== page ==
I knew it existed, and still I ignored it until a while ago. I urge you not to do the same mistake. It is one of those ingredients that will spice up, quite literally, whatever food you are preparing.
Harissa is a red spicy paste from North africa. It contains chilli, grilled bell peppers, onion, garlic, coriander, cumin and other magical ingredients. The first harissa I consciously tried (I’m sure I had it in Lebanese restaurants, but this does not count, as its flavour was probably blended with whatever else I was eating), I made it myself using Ottolenghi’s recipe. It was veeeery good even if my starting ingredients were a bit bland (UK supermarket stuff level, if you want to know what I am talking about), but then, all Ottolenghi recipes are. However I decided it was not worth bothering doing it, unless on special occasions. Then I saw it ready-made in my local Middle East store, and I decided to give it a try. Can you picture that endless, diverse variety of sauces and condiments you have in your fridge and cupboard, those you use when you cook Mexican or Japanese or Thai style (or Italian, of course :)), and then ignore them for the rest of the week/month/year, until the due date is well due, or you move, or maybe you cook again xxx-style? I was ready and willing to add yet another ingredient to my almost endless list. I don’t mind them at all; actually I quite like spending half an hour looking for the tamarind paste in the bottom of the fridge whenever I need it – rarely, that is – and instead discovering in a corner that new miso paste (new a few months ago) I have not tried yet. And harissa was small, cheap and not very smelly, so it demanded little commitment on many sides.
The next time I looked, it was gone. I mean, it was finished. It was over. We ate it all! The truth is, this red thing is seriously good. It goes well with almost anything. I can’t stand any ready-made sauce, and the likes of mayo and ketchup just stay there forever in my house, but harissa we did use. I found out that not only it is good as a sauce, but it gives depth of flavour to almost anything, without being overwhelming. I tried it in soups, sauces, stews, you name it.
One (health) warning. The flavour is not overpowering, but it is hot. So if you are not chilli addicted as I am, don’t add too much, or you’ll regret your act with warm tears.
Here is an example of how I use harissa. It is a simple and quick supper, very flavourful and satisfying, and, as most of my suppers, it can be prepared in stages and requires a quick final assembling. I used some nice whole grain spelt I bought here. Spelt is indeed a bit different from Italian farro; I like them both and find them roughly equivalent, farro being maybe a little plumper. if you have an oven, lucky you! I’d advise you to cut the aubergines into wedges and roast them there, with a little salt and oil. However, also the grilled version is ok. I enriched the sauce with my favourite flavouring combination, the one I always use when I want to add a mediterranean touch: shallots and sun-dried tomatoes. I added some smoked mozzarella that came from Italy through my sister; but either the poor thing suffered from the trip, or it was not very good originally, at any rate, it was not an outstanding smoked cheese. Any smoked provola will do better, if you can find some. Else, substitute with normal mozzarella or provola. You want a cheese that will make strings melting, and not too greasy; a smoky touch will pair nicely with the subtle smokiness of harissa.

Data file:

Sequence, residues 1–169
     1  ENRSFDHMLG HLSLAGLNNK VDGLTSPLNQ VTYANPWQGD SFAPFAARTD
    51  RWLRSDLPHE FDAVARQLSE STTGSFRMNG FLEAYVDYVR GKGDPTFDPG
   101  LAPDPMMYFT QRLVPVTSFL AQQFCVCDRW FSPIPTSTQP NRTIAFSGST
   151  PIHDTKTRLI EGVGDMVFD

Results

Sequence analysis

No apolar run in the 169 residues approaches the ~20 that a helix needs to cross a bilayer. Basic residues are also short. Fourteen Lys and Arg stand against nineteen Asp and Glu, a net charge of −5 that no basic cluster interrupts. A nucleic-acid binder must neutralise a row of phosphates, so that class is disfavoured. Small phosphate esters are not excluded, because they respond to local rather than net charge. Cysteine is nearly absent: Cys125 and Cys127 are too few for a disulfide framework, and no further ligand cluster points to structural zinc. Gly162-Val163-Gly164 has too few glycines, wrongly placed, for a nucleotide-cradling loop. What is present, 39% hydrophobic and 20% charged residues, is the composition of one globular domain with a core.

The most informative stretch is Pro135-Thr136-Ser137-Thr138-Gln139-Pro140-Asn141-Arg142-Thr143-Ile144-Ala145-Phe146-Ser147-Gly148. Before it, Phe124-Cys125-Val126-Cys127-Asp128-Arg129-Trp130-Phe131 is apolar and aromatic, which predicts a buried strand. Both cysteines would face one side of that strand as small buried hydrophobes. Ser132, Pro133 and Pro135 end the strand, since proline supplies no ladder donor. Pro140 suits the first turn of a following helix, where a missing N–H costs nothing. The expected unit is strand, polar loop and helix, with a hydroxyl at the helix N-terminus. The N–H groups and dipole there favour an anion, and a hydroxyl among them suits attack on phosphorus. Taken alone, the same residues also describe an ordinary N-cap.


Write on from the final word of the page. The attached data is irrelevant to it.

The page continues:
Harissa and aubergines spelt salad
Ingredients (serves 2):
200 gr whole grain spelt
1 medium aubergine
150 gr mangetout
2 small shallots
4-5 sun-dried tomatoes
1 tablespoon harissa
extra virgin olive oil
150 diced smoked mozzarella
Soak the spelt overnight, then cook it in salted boiling water for about 30 minutes, until quite al dente. you can skip the soaking bit and cook it directly for longer, but I find that it retains its consistency better when soaked.
Cut the aubergine in round slices, about 1 cm thick. Heat a non stick pan or an iron grid, sprinkle it with salt, and grill the aubergine slices on each side for about 3 minutes, depending on how hot your pan is. They should be soft and a little golden on the outside.
Blanche quickly the mangetout in boiling water for a minute, then drain them and cool them under running water.
Peel the shallot and cut it into thin slices. Cut the sun-dried tomatoes into thin strips.
Heat a tablespoon olive oil in a non stick pan, add the shallots and dried tomatoes and cook, stirring, on a gentle heat for about five minutes, until the shallots begin to soften and brown. Add a tablespoon or water and the harissa, and cook mixing for a further five minutes. Add a little more water if needed, to loosen the sauce, then mix in the spelt and the aubergine slices.
Warm thoroughly and let the flavours melt, adjusting salt and harissa to taste. Remove from the heat and add in the mangetout and the cheese. Mix it and wait for the cheese to melt a little, then serve immediately.